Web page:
Workflows help to solve these challenges. They systematize and automate tasks, and reduce human error and emotion. You can’t force people to trust one another and get along. But you can radically reduce the potential damage by creating workflows that direct the work that gets done and enforce checks and balances along the way. 

Workflows force good habits

Anyone who works in software development knows that bugs are part of the development process. Before SaaS products and agile development revolutionized technical processes, the majority of software innovation projects were actually considered failures

One study of over 1,400 IT projects found that nearly a fifth were considered ‘black swans’ – code for catastrophic failure. Some IT project failures have even lead to the company’s ultimate demise

Gartner studied more than 50 projects that experienced complete failure, and boiled it down to a project team’s inability to make good decisions. Yet this is where workflows shine. They eliminate the need for traditional decision-making processes by building a course of action right into the development process. Essentially, they force good habits – whether it’s timely updates or thorough quality checks before a new release – so aligning teams on who’s responsible for what is simply a matter of following the prompts. You no longer have to worry about accidents because the system self-heals.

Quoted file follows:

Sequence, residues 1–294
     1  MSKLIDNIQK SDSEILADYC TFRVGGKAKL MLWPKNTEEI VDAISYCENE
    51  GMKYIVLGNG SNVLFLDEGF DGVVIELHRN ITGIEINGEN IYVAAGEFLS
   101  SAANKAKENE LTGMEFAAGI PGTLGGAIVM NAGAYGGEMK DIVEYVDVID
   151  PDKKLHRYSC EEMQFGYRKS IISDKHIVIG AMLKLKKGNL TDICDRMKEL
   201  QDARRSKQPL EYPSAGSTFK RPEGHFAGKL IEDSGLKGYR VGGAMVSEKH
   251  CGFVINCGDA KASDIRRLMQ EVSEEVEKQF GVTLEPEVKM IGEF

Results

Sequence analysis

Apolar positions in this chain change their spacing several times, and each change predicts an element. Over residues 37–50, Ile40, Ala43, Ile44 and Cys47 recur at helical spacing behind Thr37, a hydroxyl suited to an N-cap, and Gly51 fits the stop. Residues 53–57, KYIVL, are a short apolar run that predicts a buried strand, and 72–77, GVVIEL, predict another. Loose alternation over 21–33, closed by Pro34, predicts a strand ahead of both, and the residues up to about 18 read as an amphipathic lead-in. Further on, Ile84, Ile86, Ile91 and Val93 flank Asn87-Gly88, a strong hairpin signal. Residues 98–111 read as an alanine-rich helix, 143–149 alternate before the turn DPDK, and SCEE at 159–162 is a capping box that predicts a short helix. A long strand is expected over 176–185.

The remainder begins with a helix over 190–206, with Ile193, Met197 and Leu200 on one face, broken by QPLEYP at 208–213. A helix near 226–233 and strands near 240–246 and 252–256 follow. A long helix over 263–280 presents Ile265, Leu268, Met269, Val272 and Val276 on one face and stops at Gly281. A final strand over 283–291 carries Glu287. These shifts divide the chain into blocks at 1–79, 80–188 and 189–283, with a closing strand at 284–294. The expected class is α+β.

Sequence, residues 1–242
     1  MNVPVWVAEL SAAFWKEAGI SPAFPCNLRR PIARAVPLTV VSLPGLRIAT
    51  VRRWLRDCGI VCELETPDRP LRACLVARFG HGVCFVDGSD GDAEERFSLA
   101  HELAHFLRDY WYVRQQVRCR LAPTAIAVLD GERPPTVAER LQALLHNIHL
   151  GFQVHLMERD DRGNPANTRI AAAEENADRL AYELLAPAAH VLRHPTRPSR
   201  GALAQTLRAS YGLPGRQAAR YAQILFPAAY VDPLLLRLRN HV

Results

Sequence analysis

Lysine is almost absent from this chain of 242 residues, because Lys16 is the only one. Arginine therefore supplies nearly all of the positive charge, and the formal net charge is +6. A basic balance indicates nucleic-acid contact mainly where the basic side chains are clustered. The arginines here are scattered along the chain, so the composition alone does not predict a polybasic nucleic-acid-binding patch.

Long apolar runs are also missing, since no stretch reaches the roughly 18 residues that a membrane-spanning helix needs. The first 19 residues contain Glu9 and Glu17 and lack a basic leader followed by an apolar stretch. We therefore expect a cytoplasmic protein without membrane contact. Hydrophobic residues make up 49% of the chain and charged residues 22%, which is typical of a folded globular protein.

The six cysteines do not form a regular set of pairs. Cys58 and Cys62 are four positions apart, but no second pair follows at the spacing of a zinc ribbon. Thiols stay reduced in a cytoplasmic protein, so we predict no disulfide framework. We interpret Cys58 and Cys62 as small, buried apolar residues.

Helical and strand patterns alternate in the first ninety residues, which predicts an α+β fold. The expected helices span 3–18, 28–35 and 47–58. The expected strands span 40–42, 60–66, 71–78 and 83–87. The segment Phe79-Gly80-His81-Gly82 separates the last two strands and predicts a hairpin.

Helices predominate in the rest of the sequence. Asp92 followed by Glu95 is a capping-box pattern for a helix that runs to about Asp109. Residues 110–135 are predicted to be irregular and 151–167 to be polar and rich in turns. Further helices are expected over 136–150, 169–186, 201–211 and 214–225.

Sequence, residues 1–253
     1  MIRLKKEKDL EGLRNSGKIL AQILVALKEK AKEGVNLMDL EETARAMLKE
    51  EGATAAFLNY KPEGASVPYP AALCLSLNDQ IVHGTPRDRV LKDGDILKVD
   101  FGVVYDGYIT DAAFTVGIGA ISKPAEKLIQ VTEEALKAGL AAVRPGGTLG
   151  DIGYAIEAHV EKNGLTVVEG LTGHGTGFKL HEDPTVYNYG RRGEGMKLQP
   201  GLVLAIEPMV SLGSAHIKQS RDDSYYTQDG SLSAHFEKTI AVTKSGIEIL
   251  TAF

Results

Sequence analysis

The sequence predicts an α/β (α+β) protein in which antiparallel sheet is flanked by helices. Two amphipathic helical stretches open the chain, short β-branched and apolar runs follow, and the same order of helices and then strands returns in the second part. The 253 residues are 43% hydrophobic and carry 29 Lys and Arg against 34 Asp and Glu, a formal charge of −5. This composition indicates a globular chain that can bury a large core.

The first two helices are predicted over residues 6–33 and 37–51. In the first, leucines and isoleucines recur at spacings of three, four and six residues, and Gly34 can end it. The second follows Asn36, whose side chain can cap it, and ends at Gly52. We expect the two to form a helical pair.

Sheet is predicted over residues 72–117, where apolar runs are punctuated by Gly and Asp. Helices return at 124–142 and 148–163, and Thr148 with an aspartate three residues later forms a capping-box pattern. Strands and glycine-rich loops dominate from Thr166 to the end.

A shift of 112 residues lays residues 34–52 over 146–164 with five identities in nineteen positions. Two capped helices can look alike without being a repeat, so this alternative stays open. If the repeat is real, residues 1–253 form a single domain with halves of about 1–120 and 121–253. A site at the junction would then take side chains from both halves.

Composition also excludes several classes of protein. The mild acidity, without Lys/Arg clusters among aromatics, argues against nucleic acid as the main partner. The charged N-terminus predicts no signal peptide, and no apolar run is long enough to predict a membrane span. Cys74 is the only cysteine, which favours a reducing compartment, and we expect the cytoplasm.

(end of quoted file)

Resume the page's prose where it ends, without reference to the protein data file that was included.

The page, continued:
The best development processes enable teams to create workflows that suit them, and then encode them into the software. Want to remember to follow up on unpaid invoices, for example? Bill.com has an automated workflow for that. Want to collect leads through your website and nurture them with automated emails? Hubspot has a workflow for that. And the same principles apply to website development.

Workflows enable creativity at scale

During my days as a consultant, I would often go into organizations where marketing and development teams were literally at war. To ease the strife, I would start by creating a list of requirements that everyone had to agree on. From there, we could build those requirements right into the system so that everyone got exactly what they needed and could focus their energies on doing the work they love rather than fighting for what they need.

Change is hard, but once you systematize the process, work becomes infinitely easier – and scalable. This is particularly true of large organizations that operate numerous sub-companies, like O2E Brands. They’ve eliminated hundreds of hours of manual website maintenance, downtime issues and system updates by building a system of workflows. The fact is, you simply can’t scale website development without them – no matter how strong your workplace culture.

Culture can help people see the value of collaboration, but workflows are necessary to enable it. Invest in good digital infrastructure, and watch as the conflicts that erode trust go away.

Forget Building Corporate Culture. Your True Office Secret Weapon is Workflow.